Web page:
Poisonous electronic waste being processed in secret: Ministry
Four factories lose licences, banned from importing e-waste for 10 years
THE INDUSTRY Ministry has suspended import licences of four companies found sending electronic waste to other factories that have no permission to handle the toxic material.
Deputy Industry Minister Somchai Harnhirun said four of seven plants inspected over the weekend were found to be violating the factory law by transferring the waste.
The four companies are JPS Metal Group, Yong Thang Thai, OGI Company and SS Import Export International. They have combined capacity to deal with 150,000 tonnes of waste a year. One more factory |was being examined, Somchai said.
Companies are allowed to import toxic electronic waste from abroad in accordance with the 1992 Factory Law.
Factories found violating the law would be prohibited from importing any e-waste for 10 years, the minister said.
An estimated 31 million tonnes of industrial waste will be registered in Thailand this year. Of that amount, 2 million tonnes will be of a hazardous type.
According to official assessment, Thailand has the capacity to recycle most of the waste, but 10 per cent must be disposed of.
This industrial waste will be either buried in licensed landfills or incinerated.
Prawit Horrungruang, managing director of Suntech Metals Company Ltd, meanwhile dismissed reports that it was implicated in the electronic-waste scandal that broke out on May 29.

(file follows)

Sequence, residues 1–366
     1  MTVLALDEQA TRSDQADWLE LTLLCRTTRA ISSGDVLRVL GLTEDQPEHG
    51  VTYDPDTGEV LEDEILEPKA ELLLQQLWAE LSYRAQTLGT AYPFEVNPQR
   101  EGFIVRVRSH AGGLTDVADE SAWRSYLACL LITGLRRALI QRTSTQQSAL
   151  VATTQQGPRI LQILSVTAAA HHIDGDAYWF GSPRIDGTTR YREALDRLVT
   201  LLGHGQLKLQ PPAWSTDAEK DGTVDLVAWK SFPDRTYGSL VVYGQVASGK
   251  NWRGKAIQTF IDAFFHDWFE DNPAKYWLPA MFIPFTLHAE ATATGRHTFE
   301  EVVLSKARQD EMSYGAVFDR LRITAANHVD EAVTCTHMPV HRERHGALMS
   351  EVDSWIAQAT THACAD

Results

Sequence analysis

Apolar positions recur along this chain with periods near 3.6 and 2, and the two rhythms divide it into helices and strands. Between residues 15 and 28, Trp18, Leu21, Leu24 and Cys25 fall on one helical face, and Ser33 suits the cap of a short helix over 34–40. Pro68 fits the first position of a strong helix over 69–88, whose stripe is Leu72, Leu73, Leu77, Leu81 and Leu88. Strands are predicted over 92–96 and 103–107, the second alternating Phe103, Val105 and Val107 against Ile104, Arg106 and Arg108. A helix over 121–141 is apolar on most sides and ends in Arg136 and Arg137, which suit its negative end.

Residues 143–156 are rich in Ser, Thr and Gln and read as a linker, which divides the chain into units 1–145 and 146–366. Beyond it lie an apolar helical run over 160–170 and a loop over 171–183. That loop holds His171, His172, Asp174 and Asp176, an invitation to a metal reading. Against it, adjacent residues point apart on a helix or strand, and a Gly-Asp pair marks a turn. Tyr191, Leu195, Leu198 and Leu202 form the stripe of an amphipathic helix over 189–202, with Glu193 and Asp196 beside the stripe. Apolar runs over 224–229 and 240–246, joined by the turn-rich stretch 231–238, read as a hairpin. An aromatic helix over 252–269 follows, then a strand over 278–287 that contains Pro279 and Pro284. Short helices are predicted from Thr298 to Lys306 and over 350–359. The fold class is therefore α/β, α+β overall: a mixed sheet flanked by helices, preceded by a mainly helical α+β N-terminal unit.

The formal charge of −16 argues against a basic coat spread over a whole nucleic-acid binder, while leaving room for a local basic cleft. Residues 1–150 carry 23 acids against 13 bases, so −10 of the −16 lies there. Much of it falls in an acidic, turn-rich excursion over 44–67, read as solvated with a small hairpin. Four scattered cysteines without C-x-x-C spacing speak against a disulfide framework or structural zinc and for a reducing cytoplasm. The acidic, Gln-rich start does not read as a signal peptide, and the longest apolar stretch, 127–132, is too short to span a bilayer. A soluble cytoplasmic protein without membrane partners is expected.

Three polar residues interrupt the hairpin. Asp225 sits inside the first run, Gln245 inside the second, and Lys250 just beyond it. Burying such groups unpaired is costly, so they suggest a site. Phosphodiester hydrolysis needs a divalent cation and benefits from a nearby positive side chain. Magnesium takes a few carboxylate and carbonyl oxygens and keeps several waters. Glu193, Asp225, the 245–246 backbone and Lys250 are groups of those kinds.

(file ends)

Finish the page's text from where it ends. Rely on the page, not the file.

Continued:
“None of the containers police checked that day have anything to do with us,” he said adding that a supplier had once sent the wrong containers to the company three years ago, with electronic waste inside.
“But we have already sent back those containers to the supplier. We have already settled the matter with the Customs Department here too,” Prawit said.
Greenpeace urges action
Greenpeace country director for Thailand Tara Buakamsri said the problem of electronic waste smuggling to Thailand was not new, as this trade is a global business that generates huge profits. Thailand has indeed long been the destination for hazardous waste dumping, Tara added.
He emphasised urgent government measures were necessary to stop the flow of hazardous electronic waste into the country, since the wellbeing of citizens and their right to live in a healthy environment was at stake.
“Thailand has quite strong laws and regulations for hazardous waste management, but what the authorities lack is strict enforcement of those laws,” he said.
Dr Wachira Phengchan, director-general of the Health Department said toxins in electronic waste are health hazards whether they are consumed, exposed to the skin or inhaled.
Wachira said children and pregnant women face the highest risk from exposure to heavy metals and other poisons in e-waste, which can occur if they live near the recycling plants.
“The main toxic substance in electronic waste is lead, which can destroy the nervous system and disrupt child development. This e-waste also contains mercury, which is poisonous to the brain and nervous system as well,” he said.
He also warned there are other highly toxic substances in electronic waste, such as bromine, cadmium and chlorine that are very hazardous to people’s health.